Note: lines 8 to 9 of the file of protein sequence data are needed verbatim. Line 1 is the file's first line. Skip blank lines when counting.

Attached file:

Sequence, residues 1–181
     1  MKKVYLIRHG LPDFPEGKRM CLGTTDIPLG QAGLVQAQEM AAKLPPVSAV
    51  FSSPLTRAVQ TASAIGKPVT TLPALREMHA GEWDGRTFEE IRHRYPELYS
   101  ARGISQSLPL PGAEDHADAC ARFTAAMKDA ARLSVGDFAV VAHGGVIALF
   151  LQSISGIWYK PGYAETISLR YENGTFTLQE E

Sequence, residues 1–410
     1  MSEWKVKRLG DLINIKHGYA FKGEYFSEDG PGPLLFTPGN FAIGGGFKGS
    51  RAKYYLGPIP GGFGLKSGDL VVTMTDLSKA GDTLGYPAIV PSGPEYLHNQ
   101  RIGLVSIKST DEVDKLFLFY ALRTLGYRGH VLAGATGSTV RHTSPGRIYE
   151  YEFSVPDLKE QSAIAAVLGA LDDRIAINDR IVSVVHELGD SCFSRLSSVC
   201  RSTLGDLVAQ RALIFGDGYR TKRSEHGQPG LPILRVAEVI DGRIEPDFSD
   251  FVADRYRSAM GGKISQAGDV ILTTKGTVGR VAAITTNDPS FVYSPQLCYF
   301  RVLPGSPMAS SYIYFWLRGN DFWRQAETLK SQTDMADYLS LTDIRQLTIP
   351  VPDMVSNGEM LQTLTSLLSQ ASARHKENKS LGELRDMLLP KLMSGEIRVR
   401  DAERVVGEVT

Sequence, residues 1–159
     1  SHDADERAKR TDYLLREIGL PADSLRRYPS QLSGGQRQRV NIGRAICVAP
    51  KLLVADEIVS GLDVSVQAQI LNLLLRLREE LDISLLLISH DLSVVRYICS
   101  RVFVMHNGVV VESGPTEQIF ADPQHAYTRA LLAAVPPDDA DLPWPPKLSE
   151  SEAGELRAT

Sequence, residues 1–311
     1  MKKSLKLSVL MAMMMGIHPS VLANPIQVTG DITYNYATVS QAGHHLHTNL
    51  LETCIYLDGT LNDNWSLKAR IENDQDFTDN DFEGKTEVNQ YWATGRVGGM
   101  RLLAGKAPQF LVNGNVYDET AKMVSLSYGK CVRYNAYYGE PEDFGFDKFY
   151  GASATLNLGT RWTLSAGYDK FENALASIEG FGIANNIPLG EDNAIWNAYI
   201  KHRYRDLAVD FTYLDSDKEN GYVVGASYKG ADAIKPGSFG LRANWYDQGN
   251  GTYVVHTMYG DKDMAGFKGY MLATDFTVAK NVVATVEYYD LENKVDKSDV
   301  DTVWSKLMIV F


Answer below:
    51  RAKYYLGPIP GGFGLKSGDL VVTMTDLSKA GDTLGYPAIV PSGPEYLHNQ
   101  RIGLVSIKST DEVDKLFLFY ALRTLGYRGH VLAGATGSTV RHTSPGRIYE